Is Your City Healthy?

Do you know if your city is healthy? In honor of National Nutrition Month, WalletHub ranked 100 of the most populous metropolitan cities in the United States, taking into consideration factors such as the percent of obese adults and high school students, physical inactivity, cholesterol prevalence and more. Since we don’t live in the hiker’s utopia that is Boulder, Colorado, or in pristine Salem, Utah, we didn’t expect Chicago’s suburbs to clock in at first place. We were curious, though, to see where we rank. After all, we have Lake Michigan (and all of the physical activity that surrounds it), tons of summertime Farmers Markets, plus a huge local Lifeway Kefir following.

The good news: Chicago claimed the 30th spot, which means we aren’t the least healthy place to live.

The bad news: We’re also far from the healthiest.


Wallethub is hardly the first group to rank cities by health. CNN has done it, branching out globally, and their “healthiest” list of inspiring. Here’s a few highlights that are cool enough to have us consider a move:

Copenhagen Only two percent of employees here work more than 40 hours a week, and free community programs include laughing yoga and basket weaving. With 250 miles of bike paths, almost half of Copenhagen’s residents cycle to work or school. When it comes to friendship, a known factor in improving physical and mental health, this place is tops: 96 percent of residents feel that they can count on someone if they are in need. The Golden Girls would be proud.

Okinawa This place boasts the largest population of centenarians (people who live to be older than 100) in the world; the average woman lives to reach age 86 and men, 78. Unlike the US, heart disease and cancer are not the norm. People eat fish for breakfast, they don’t stress, and they often live in the same home as their extended family, which improves family bonds and, therefore, health.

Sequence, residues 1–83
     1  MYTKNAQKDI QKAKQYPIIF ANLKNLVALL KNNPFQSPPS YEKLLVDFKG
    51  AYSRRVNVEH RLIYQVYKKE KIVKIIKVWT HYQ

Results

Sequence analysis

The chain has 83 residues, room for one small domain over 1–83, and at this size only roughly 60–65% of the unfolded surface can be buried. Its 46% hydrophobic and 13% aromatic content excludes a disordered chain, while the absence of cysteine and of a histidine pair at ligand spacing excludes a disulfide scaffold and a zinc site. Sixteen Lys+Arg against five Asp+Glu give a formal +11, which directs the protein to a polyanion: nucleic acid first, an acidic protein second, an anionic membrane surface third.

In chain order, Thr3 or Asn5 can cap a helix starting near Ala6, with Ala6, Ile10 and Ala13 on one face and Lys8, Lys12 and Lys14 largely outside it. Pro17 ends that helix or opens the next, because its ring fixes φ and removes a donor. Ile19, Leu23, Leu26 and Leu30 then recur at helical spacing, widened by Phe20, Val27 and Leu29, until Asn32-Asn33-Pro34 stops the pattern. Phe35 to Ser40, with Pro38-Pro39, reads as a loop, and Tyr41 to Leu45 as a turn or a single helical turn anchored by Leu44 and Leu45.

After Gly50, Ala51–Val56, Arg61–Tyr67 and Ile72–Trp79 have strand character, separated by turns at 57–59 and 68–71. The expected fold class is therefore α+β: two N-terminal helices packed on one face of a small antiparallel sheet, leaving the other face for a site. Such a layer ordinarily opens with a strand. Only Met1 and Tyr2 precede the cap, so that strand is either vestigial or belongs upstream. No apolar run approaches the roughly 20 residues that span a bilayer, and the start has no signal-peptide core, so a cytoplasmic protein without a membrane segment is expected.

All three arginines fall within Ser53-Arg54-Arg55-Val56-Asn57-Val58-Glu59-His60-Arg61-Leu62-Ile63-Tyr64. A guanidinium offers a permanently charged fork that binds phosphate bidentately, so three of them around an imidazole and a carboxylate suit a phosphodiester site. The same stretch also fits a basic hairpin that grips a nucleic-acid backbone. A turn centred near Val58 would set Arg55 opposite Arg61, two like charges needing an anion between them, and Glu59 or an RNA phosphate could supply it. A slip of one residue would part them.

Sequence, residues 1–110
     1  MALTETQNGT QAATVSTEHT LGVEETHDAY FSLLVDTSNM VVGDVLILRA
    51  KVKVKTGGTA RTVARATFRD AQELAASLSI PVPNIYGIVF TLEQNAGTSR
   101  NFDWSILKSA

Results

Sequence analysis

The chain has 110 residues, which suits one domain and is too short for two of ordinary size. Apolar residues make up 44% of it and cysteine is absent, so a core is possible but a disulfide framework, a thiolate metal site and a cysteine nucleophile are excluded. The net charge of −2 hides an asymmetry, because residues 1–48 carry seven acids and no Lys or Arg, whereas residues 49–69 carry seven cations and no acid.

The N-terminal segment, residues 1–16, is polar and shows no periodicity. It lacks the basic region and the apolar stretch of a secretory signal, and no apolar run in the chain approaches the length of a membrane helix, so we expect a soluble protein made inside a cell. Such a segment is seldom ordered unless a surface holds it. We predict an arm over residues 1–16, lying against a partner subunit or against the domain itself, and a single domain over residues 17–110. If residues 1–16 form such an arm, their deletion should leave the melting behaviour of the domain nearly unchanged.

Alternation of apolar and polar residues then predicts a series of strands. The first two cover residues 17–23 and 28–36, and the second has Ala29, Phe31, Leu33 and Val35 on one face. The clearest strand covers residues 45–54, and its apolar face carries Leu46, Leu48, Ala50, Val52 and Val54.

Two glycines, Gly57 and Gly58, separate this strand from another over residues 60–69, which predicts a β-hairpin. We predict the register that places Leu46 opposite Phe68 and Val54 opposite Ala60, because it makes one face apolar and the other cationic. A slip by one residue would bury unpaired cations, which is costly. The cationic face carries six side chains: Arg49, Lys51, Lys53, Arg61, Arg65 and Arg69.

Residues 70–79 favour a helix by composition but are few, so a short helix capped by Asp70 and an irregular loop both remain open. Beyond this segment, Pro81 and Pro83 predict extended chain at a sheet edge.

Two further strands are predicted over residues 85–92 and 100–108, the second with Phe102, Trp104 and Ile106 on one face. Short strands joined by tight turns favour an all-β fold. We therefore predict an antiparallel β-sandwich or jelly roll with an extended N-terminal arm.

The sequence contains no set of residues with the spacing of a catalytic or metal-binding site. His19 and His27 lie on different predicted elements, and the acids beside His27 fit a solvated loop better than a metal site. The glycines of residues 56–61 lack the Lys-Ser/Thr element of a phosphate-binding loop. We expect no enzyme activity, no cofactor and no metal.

Napa, California It’s known for its wine, but apparently Napa has a whole lot more going for it than a few fruity whites and smooth reds. People eat locally, bike everywhere, arts appreciation is huge and girl empowerment is high on the list of community endeavors.

New York Shocked? So were we – at first. But recent clampdowns on everything from cigarettes and soda to high calorie fast food has New Yorkers breathing easier and eating more healthfully. Between 2002, when Mayor Michael Bloomberg banned smoking in nearly all bars and restaurants, and 2012, smoking declined by 28 percent among adults and 50 percent among high school students (It helped that in 2011, smoking was also banned in parks, on beaches and pedestrian plazas). Most NYC Food Service Establishments are required to post calorie information on menus and menu boards, which means you can’t buy a 700-calorie scone at a bakery without fully realizing it…and possibly putting it back and grabbing a banana instead.



So what does it all mean? What do all of these cities have in common? Looks like a balance of healthy eating, exercise, low-stress levels and an emphasis on community.

To read the full Wallethub report, visit